American Identities: "Jim Crow and Afro-American Resistance" (HIST*4180)
Code and section: HIST*4180*01
Term: Fall 2023
Jim Crow is the name often given to the series of legal and social customs that segregated Black people throughout the United States after the Civil War. This seminar will cover the period from roughly 1865 to 1965, and will explore the history of Jim Crow from its early namesake minstrel character to the set of complex social practices and enforced laws that came to be identified with the term. The purpose of this course is to study the development of Jim Crow throughout the United States. Accordingly, this course will study the accompanying development of ideas about race and Blackness over time. The course will also explore the various forms of Black resistance to segregation and other forms of oppression. The goal of this seminar is for students to develop an understanding of how race was a dominant force in many aspects of American life in this period and at times explore how it intersected with other elements of identity such as class, region, sexuality and gender. Fundamental to this understanding is how anti-Black racism transcended legal segregation and seeped its way into many aspects of American life, including law, social etiquette, history, advertisements, games, literature, music, film, and television.
Method of Delivery:
Seminar: The course will meet twice per week in person. The bulk of seminars will be spent discussing assigned readings. There will also be a round table assignment involving in-class participation in seminar later in the semester.
Course Learning Objectives:
By the end of the course, students will have made progress toward meeting the course learning objectives. Assignments tailored to meet each objective are noted in parentheses. This course is designed to help students:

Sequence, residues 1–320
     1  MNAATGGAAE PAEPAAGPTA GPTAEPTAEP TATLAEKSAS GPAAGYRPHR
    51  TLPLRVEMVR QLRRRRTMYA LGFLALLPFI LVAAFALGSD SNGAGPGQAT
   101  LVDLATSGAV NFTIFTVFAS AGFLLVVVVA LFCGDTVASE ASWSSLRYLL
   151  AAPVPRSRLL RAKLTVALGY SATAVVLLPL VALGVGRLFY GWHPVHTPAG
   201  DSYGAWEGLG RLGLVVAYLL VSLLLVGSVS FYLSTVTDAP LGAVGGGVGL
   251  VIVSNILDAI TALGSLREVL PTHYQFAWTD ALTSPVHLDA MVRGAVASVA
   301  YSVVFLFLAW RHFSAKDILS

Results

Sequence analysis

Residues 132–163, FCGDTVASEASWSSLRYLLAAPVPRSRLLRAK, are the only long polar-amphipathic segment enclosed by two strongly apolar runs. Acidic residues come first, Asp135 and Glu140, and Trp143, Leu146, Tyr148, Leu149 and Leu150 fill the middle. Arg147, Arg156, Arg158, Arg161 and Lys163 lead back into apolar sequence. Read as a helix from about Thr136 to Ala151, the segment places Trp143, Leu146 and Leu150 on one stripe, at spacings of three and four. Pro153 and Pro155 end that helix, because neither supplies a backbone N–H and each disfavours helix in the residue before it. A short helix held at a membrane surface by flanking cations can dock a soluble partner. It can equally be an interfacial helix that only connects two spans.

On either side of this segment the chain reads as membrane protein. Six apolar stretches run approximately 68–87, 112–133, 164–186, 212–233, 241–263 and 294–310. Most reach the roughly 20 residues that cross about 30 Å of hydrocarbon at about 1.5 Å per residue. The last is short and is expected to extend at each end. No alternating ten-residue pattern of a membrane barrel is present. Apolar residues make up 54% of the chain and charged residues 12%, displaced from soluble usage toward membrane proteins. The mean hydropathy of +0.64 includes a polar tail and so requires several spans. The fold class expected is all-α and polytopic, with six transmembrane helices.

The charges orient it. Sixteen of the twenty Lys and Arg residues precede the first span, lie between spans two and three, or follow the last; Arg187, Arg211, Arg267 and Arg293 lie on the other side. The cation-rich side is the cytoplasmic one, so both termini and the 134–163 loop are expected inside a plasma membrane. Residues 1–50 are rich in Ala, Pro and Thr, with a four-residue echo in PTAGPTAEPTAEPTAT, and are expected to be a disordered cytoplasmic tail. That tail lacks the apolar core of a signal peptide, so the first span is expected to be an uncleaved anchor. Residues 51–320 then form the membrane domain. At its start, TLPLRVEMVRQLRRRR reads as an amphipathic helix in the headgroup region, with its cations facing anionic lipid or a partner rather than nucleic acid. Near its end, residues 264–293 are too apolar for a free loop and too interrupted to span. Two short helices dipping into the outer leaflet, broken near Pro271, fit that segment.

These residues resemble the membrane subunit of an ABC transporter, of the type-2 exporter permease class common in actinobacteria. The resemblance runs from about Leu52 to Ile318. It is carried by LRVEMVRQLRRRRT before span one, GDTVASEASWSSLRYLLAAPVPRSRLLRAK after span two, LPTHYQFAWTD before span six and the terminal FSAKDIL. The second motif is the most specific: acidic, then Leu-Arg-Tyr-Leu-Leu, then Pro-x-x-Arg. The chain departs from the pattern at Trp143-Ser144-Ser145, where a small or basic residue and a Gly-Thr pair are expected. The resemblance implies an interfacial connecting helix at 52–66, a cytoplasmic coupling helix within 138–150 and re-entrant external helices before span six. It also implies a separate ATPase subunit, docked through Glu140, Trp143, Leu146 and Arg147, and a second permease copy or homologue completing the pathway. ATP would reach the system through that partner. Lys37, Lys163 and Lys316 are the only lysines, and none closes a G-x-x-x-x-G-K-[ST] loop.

- Identify and interpret themes and patterns throughout African American history. (weekly discussion, primary source analysis, roundtable assignment, research paper)
- Find and analyze primary sources. (primary source analysis, round table assignment, research paper)
- Develop and improve their writing skills, such as how to form an argument and support it with historical evidence. (primary source analysis, research paper)
- Question and evaluate historiographical debates among historians, and how these interpretations shape cultural narratives. (weekly discussion, primary source analysis, research paper)
Methods of Evaluation and Weights:
Primary Source Analysis: 15%
Roundtable Assignment: 25%
Research Paper: 25%
Blackmon, Douglas A. Slavery by Another Name: The Re-Enslavement of Black Americans from the Civil War to World War II. New York: Doubleday, 2008
Moody, Anne. Coming of Age in Mississippi: The Classic Autobiography of Growing up Poor and Black in the Rural South. New York: Dell; Reissue edition, 1992
(Note: The vast majority of the class readings will be available online through provided links or PDFs on Courselink.)
*Please note: This is a preliminary website description only. The department reserves the right to change without notice any information in this description. The final, binding course outline will be distributed in the first class of the semester.